Small capital
capital cap"i*tal (k[a^]p"[i^]*tal), n. [Cf. L. capitellum and capitulum, a small head, the head, top, or capital of a column, dim. of caput head; F. chapiteau, OF. capitel. See {chief}, and cf. {cattle}, {chattel}, {chapiter}, {chapter}.] 1. (Arch.) The head or uppermost member of a column, pilaster, etc. It consists generally of three parts, abacus, bell (or vase), and necking. See these terms, and {Column}. [1913 Webster]

2. [Cf. F. capilate, fem., sc. ville.] (Geog.) The seat of government; the chief city or town in a country; a metropolis. ``A busy and splendid capital'' --Macauly. [1913 Webster]

3. [Cf. F. capital.] Money, property, or stock employed in trade, manufactures, etc.; the sum invested or lent, as distinguished from the income or interest. See {Capital stock}, under {Capital}, a. [1913 Webster]

4. (Polit. Econ.) That portion of the produce of industry, which may be directly employed either to support human beings or to assist in production. --M'Culloch. [1913 Webster]

Note: When wealth is used to assist production it is called capital. The capital of a civilized community includes {fixed capital} (i.e. buildings, machines, and roads used in the course of production and exchange) and {circulating capital} (i.e., food, fuel, money, etc., spent in the course of production and exchange). --T. Raleigh. [1913 Webster]

5. Anything which can be used to increase one's power or influence. [1913 Webster]

He tried to make capital out of his rival's discomfiture. --London Times. [1913 Webster]

6. (Fort.) An imaginary line dividing a bastion, ravelin, or other work, into two equal parts. [1913 Webster]

7. A chapter, or section, of a book. [Obs.] [1913 Webster]

Holy St. Bernard hath said in the 59th capital. --Sir W. Scott. [1913 Webster]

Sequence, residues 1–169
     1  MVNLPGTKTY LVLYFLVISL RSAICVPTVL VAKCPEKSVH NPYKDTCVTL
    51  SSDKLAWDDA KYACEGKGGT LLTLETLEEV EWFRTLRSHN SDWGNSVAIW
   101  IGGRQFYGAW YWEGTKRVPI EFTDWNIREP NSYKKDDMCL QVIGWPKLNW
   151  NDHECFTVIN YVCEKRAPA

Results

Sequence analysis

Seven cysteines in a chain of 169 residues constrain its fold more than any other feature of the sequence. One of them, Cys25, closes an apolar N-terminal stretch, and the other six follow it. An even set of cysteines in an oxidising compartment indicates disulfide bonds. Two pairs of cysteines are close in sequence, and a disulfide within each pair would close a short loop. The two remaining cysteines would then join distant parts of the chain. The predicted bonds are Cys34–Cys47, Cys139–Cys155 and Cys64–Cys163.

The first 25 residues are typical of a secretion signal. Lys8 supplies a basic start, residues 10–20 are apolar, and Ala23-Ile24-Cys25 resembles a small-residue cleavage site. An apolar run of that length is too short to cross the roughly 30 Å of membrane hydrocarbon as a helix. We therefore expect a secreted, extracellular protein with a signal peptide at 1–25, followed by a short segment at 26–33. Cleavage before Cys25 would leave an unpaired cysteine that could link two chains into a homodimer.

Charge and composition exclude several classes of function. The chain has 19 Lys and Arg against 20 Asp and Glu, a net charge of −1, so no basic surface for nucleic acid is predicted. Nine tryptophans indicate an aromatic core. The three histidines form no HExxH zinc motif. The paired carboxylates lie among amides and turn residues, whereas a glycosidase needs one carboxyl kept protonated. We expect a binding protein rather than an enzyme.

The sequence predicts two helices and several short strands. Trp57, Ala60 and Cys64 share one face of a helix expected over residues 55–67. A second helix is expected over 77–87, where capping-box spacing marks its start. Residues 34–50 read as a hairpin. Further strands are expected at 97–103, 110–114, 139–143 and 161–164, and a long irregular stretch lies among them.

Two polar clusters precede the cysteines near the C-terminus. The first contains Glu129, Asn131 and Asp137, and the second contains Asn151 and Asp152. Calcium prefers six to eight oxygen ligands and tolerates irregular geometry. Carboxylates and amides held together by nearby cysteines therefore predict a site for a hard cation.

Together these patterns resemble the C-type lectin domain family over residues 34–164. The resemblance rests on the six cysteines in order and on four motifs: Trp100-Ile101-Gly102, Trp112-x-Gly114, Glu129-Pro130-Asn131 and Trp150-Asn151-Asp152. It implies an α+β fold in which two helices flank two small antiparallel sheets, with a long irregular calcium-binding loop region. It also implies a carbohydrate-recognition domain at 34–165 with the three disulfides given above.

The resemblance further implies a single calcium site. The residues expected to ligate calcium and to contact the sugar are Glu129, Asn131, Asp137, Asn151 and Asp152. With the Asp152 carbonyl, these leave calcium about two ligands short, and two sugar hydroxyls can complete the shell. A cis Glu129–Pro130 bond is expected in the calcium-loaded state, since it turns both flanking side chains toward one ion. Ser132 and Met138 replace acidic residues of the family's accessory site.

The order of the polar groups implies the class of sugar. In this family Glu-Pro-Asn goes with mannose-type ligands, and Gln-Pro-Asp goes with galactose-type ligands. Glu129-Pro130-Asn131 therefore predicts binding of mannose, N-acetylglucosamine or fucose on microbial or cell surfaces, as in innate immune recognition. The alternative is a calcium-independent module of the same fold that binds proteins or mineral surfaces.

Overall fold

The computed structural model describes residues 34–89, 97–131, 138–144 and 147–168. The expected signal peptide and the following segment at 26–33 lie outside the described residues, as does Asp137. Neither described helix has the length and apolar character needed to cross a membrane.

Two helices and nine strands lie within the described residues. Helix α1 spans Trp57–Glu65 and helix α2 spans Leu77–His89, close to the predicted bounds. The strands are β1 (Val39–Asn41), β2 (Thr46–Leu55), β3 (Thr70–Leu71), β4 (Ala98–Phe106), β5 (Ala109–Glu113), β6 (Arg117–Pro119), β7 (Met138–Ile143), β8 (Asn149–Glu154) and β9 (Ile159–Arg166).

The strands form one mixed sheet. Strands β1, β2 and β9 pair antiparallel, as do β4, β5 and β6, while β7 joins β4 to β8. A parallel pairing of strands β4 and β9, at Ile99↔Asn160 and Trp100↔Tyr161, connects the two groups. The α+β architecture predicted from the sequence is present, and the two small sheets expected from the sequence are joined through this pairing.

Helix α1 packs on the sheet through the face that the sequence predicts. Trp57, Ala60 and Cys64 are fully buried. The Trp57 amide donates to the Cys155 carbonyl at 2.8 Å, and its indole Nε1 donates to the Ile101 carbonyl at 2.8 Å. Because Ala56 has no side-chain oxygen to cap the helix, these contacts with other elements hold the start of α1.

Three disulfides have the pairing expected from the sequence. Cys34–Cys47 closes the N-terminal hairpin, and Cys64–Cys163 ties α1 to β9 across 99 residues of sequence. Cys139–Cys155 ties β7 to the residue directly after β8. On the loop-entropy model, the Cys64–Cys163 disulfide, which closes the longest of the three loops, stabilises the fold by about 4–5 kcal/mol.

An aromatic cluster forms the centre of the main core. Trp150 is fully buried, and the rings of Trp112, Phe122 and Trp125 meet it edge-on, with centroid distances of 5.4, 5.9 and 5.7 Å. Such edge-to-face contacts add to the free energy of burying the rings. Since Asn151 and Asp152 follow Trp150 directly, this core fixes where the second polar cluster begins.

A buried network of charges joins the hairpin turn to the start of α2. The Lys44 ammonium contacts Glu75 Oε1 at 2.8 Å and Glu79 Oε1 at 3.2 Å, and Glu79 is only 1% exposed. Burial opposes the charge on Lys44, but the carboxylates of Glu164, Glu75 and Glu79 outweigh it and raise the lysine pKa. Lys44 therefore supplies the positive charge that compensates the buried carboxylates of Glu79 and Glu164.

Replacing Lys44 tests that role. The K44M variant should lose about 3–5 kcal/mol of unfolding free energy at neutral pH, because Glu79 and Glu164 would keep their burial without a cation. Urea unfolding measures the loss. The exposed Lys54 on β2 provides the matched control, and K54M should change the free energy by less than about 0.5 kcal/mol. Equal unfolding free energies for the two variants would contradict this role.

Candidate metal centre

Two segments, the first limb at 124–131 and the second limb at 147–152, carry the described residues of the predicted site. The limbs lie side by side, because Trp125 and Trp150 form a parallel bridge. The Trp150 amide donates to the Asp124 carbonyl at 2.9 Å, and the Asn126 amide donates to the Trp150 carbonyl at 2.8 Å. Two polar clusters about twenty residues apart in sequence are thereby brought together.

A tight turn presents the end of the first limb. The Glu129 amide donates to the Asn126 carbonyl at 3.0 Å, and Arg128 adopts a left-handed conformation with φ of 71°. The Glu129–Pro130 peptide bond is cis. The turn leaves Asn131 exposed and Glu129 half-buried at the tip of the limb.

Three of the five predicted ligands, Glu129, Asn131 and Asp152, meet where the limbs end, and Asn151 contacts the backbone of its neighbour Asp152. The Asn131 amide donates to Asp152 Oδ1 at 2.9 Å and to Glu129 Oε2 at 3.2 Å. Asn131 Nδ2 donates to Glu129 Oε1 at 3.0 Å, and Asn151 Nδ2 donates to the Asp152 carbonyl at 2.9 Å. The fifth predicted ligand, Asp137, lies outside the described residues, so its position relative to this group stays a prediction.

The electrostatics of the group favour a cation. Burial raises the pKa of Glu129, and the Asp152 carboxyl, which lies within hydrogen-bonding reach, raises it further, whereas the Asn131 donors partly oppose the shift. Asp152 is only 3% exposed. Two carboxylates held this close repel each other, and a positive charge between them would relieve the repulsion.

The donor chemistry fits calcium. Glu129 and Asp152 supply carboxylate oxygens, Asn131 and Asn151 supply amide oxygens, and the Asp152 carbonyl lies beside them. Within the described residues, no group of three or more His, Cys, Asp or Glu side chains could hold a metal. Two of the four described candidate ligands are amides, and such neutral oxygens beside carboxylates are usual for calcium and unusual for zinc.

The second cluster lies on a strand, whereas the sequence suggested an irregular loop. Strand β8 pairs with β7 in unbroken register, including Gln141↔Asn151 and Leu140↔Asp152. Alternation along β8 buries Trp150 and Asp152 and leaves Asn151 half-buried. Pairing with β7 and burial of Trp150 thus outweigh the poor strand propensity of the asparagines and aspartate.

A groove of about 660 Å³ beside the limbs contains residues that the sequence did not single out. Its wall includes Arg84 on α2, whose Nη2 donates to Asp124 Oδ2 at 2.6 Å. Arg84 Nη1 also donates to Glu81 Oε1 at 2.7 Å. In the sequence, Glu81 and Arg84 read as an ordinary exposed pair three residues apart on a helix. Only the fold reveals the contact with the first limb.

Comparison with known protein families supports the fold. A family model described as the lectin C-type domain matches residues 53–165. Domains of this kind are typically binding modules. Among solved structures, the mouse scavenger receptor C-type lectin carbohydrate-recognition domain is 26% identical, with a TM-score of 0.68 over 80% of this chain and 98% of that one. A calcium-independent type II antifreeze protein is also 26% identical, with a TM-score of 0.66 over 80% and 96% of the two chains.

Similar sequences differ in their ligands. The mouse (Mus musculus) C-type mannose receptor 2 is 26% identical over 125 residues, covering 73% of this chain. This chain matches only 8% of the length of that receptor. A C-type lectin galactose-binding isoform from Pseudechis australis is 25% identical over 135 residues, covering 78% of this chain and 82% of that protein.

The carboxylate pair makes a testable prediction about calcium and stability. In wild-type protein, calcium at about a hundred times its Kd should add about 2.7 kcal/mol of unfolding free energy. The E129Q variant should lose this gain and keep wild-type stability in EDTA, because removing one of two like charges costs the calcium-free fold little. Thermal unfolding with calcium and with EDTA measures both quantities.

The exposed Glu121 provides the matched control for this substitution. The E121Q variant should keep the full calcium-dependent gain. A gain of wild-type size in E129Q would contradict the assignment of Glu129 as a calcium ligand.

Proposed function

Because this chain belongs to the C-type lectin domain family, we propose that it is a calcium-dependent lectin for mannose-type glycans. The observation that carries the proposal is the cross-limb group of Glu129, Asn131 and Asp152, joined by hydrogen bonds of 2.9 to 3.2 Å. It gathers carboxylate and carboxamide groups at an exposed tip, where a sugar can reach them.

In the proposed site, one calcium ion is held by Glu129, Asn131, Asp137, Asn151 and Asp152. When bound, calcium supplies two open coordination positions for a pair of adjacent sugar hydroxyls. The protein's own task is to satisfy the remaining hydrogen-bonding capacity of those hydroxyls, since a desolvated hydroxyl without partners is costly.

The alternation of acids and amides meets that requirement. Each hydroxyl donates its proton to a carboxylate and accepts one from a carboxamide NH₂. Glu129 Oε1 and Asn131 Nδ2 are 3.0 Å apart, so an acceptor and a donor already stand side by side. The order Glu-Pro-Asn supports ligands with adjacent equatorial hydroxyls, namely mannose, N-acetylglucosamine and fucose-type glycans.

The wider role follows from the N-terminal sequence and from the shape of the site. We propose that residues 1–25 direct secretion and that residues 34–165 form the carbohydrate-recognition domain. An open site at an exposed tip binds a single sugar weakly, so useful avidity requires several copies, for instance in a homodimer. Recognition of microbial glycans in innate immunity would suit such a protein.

8. (Print.) See {Capital letter}, under {Capital}, a. [1913 Webster]

{Active capital}. See under {Active},

{Small capital} (Print.), a small capital letter; informally referred to (in the plural) as {small caps}; as, the technical terms are listed in {small caps}. See under {Capital}, a.

{To live on one's capital}, to consume one's capital without producing or accumulating anything to replace it. [1913 Webster]


The Collaborative International Dictionary of English. 2000.

Look at other dictionaries:

  • small capital — n. a capital letter of smaller size than the regular capital letter used: the regular capitals used in this dictionary are A, B, C, D, etc.; the small capitals are A, B, C, D, etc …   English World dictionary

  • small capital — small′ cap′ital n. pri a capital letter of a particular font, having the height of a lowercase x. Also called small′ cap′ • Etymology: 1760–70 …   From formal English to slang

  • small capital — noun a character having the form of an upper case letter but the same height as lower case letters • Syn: ↑small cap • Hypernyms: ↑capital, ↑capital letter, ↑uppercase, ↑upper case letter, ↑majuscule …   Useful english dictionary

  • small capital — noun Date: 1770 a letter having the form of but smaller than a capital letter (as in these words) called also small cap …   New Collegiate Dictionary

  • small capital — a capital letter of a particular font, the same height as the x high letters. Also called small cap. [1760 70] * * * …   Universalium

  • small capital — upper case letter that is of a small size; small fortune, small amount of money …   English contemporary dictionary

  • small capital — noun a capital letter which is of the same height as a lower case x in the same typeface, as THIS …   English new terms dictionary

  • Small capital letters — Capital Cap i*tal, a. [F. capital, L. capitalis capital (in senses 1 & 2), fr. caput head. See {Chief}, and cf. {Capital}, n.] 1. Of or pertaining to the head. [Obs.] [1913 Webster] Needs must the Serpent now his capital bruise Expect with mortal …   The Collaborative International Dictionary of English

  • small capital business — UK US noun [C or U] FINANCE ► a company that has a small total value of shares, or the business activity of these companies as a group: »This legislation is good news for small capital businesses …   Financial and business terms

  • small caps — capital cap i*tal (k[a^]p [i^]*tal), n. [Cf. L. capitellum and capitulum, a small head, the head, top, or capital of a column, dim. of caput head; F. chapiteau, OF. capitel. See {chief}, and cf. {cattle}, {chattel}, {chapiter}, {chapter}.] 1.… …   The Collaborative International Dictionary of English

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